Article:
David Cesarani OBE (born 1956) is an English historian who specialises in Jewish history, especially the Holocaust. He has also written several biographies, notably Arthur Koestler: The Homeless Mind.
In his teens, Cesarani - himself a Jew - went to work on a kibbutz and became a member of the Israeli peace movement. Of his experience at the time, he said: "We were always told that the pile of rubble at the top of the hill was a Crusader castle. It was only much later that I discovered it was an Arab village that had been ruined in the Six-Day war."
His academic career includes periods at the University of Leeds, where he was Montague Burton Fellow in Modern Jewish History; at Queen Mary, University of London; the University of Southampton; and, most recently, as Research Professor of Jewish History at Royal Holloway, University of London. Between working at Southampton and Royal Holloway he was Director of Studies at the Wiener Library, Britain's largest Holocaust library.
Recent Work and Politics on Holocaust
Cesarani is a member of the Home Office Holocaust Memorial Day Strategic Group and has been Director of the AHRC Parkes Centre, part of the Parkes Institute for the Study of Jewish/non-Jewish Relations. He is co-editor of the journal Patterns of Prejudice and the Parkes-Wiener Series of books on Jewish Studies (published by Vallentine-Mitchell).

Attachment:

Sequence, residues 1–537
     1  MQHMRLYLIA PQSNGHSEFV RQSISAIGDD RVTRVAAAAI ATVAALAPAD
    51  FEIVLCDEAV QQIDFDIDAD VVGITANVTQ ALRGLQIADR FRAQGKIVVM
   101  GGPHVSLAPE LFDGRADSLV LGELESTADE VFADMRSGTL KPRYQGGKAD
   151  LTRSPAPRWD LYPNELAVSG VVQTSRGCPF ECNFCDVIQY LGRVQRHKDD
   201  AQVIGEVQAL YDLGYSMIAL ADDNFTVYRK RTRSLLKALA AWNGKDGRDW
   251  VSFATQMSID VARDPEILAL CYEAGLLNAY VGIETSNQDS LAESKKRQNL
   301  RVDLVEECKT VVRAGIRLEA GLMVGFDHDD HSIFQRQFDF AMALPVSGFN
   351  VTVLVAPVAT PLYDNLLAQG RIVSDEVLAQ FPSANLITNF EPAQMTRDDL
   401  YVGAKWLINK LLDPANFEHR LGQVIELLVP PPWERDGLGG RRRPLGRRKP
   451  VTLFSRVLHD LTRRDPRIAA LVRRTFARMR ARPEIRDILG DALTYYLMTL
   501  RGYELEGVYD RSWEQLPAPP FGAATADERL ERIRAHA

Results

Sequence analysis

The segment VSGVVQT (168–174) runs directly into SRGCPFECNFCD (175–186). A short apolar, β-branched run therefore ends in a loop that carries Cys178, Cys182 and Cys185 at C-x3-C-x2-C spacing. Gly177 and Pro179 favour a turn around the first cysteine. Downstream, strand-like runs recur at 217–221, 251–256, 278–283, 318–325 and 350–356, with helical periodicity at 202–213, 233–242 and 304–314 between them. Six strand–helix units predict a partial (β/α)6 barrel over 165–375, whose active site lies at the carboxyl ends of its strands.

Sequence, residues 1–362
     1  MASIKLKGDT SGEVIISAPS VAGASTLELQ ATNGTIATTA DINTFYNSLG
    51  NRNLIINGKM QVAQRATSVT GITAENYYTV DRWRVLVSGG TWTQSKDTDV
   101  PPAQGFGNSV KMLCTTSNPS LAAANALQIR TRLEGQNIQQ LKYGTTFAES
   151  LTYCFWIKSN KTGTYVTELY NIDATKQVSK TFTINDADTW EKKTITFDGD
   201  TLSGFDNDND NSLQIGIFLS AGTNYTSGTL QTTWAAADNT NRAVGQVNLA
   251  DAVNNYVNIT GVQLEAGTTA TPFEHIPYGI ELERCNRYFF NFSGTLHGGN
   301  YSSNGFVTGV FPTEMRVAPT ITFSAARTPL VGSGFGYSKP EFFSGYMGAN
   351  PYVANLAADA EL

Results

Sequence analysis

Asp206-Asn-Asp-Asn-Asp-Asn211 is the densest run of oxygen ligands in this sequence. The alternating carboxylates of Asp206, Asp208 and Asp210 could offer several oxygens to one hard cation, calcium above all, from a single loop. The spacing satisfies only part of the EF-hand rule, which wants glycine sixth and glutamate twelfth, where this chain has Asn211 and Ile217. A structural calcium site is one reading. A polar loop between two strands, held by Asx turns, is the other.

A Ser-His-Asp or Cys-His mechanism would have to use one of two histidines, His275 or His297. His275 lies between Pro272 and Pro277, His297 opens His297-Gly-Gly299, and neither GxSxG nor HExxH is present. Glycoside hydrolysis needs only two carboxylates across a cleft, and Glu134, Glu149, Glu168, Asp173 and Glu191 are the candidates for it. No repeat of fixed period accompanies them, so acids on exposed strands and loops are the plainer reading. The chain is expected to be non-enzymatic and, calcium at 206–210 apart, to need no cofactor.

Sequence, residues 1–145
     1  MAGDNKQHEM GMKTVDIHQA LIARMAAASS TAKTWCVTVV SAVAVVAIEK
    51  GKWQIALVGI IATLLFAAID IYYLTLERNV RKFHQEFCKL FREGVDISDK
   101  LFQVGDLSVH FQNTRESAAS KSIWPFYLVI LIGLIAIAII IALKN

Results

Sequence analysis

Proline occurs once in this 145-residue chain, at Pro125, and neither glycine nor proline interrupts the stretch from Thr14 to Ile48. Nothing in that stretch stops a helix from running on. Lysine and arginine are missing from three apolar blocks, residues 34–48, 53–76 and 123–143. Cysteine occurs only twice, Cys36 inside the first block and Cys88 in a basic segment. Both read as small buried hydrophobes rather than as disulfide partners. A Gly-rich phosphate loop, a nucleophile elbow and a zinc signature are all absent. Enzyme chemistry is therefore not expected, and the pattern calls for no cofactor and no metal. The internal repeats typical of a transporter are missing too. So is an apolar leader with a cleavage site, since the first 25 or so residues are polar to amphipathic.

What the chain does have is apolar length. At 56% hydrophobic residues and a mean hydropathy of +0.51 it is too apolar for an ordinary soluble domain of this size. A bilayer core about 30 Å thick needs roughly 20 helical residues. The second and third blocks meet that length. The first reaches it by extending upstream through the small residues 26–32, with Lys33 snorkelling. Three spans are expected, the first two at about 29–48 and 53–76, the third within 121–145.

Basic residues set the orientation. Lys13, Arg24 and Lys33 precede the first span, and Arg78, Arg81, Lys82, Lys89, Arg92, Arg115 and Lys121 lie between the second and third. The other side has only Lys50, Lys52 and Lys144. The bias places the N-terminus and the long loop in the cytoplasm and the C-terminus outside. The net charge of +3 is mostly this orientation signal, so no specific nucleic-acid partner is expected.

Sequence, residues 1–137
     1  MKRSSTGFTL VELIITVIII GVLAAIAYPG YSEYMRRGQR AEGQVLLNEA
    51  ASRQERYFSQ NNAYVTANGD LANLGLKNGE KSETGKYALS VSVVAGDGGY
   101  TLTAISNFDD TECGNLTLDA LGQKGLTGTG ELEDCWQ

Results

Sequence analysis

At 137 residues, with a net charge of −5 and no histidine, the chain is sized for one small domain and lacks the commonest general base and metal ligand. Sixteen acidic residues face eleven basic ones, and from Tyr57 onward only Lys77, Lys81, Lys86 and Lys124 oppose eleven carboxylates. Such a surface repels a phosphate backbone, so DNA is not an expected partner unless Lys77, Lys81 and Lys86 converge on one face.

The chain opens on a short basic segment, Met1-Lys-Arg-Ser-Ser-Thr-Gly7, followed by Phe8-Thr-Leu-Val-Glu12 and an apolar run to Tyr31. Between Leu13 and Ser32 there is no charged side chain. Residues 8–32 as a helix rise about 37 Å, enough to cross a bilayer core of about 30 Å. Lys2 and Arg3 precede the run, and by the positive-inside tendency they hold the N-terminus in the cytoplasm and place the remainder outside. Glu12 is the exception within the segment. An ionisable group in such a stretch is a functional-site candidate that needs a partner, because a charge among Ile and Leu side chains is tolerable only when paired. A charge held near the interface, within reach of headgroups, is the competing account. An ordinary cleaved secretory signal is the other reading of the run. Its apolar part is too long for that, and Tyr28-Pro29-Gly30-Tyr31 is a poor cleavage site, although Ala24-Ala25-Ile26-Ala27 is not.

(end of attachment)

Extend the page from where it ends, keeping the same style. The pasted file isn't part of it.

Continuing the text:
In recent years, Cesarani has campaigned against David Irving, the prominent Holocaust denier and controversial writer on Nazi Germany, alongside fellow academic Peter Longerich. At times, his campaigning has itself caused controversy, most notably the occasion he allegedly suggested that the Irving case revealed free speech was something that should be strictly controlled. Journalist David Guttenplan commented Cesarani's remarks were 'more dangerous than anything David Irving has ever said or written.'
In February 2005, Cesarani was awarded an OBE for "services to Holocaust Education and advising the government with regard to the establishment of Holocaust Memorial Day". Cesarani was strongly critical of Hannah Arendt in his Eichmann biography, but one reviewer argued that his "slur reveals a writer in control neither of his material nor of himself."
- Justice Delayed: How Britain Became a Refuge for Nazi War Criminals (1992)
- The Jewish Chronicle and Anglo-Jewry 1841-1991 (1994)
- Arthur Koestler: The Homeless Mind. (1998)
- Citizenship, Nationality and Migration in Europe
- Eichmann: His Life and Crimes, which was published in the USA under the title: Becoming Eichmann: Rethinking the Life, Crimes, and Trial of a "Desk Murderer" (2006)
- Major Farran's Hat: The Untold Story of the Struggle to Establish the Jewish State (2009)
- The Making of Modern Anglo-Jewry (1990)
- The Final Solution: Origins and Implementation (1994)
- Genocide and Rescue: The Holocaust in Hungary, 1944 (1997)
- Port Jews: Jewish Communities in Cosmopolitan Maritime Trading Centuries, 1550-1950 (2002)
- "Bystanders" to the Holocaust: A Re-evaluation (2002)
- Crace, John (12 October 2004). "David Cesarani: The making of a defiant moderate". The Guardian. Retrieved 19 April 2011.
- Guttenplan, David (2002). The Holocaust on Trial: History, Justice and the David Irving Libel Case (2nd Edition). London: Granta. p. 298. ISBN 1-86207-486-0.
- "Professor David Cesarani". United States Holocaust Memorial Museum. Retrieved July 6, 2012.
- Gewen, Barry (14 May 2006). "The Everyman of Genocide". The New York Times. Retrieved 27 April 2012.
- Review of Cesarani's biography of Adolf Eichmann
- Page on Professor David Cesarani at the RHUL History Department website